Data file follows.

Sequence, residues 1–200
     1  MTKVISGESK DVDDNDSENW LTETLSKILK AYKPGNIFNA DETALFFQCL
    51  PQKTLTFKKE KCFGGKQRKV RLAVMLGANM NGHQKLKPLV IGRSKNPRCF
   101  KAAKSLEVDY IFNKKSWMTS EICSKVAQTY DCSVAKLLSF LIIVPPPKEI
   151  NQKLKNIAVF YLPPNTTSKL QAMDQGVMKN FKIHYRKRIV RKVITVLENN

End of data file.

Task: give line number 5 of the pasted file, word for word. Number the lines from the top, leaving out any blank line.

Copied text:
   151  NQKLKNIAVF YLPPNTTSKL QAMDQGVMKN FKIHYRKRIV RKVITVLENN